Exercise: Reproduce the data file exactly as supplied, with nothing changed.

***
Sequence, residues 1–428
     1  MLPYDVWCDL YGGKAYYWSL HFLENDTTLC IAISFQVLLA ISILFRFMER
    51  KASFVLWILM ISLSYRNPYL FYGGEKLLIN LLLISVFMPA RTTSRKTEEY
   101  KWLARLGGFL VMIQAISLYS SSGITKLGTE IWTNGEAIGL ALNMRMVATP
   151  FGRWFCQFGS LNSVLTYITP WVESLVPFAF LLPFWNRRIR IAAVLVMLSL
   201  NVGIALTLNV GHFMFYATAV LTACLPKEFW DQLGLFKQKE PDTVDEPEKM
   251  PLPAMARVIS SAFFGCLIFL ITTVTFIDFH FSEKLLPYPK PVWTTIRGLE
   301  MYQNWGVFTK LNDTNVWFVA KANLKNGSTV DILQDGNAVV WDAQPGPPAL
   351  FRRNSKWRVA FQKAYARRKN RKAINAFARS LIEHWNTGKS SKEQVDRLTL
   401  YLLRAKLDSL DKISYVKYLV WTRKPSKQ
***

Sequence, residues 1–428
     1  MLPYDVWCDL YGGKAYYWSL HFLENDTTLC IAISFQVLLA ISILFRFMER
    51  KASFVLWILM ISLSYRNPYL FYGGEKLLIN LLLISVFMPA RTTSRKTEEY
   101  KWLARLGGFL VMIQAISLYS SSGITKLGTE IWTNGEAIGL ALNMRMVATP
   151  FGRWFCQFGS LNSVLTYITP WVESLVPFAF LLPFWNRRIR IAAVLVMLSL
   201  NVGIALTLNV GHFMFYATAV LTACLPKEFW DQLGLFKQKE PDTVDEPEKM
   251  PLPAMARVIS SAFFGCLIFL ITTVTFIDFH FSEKLLPYPK PVWTTIRGLE
   301  MYQNWGVFTK LNDTNVWFVA KANLKNGSTV DILQDGNAVV WDAQPGPPAL
   351  FRRNSKWRVA FQKAYARRKN RKAINAFARS LIEHWNTGKS SKEQVDRLTL
   401  YLLRAKLDSL DKISYVKYLV WTRKPSKQ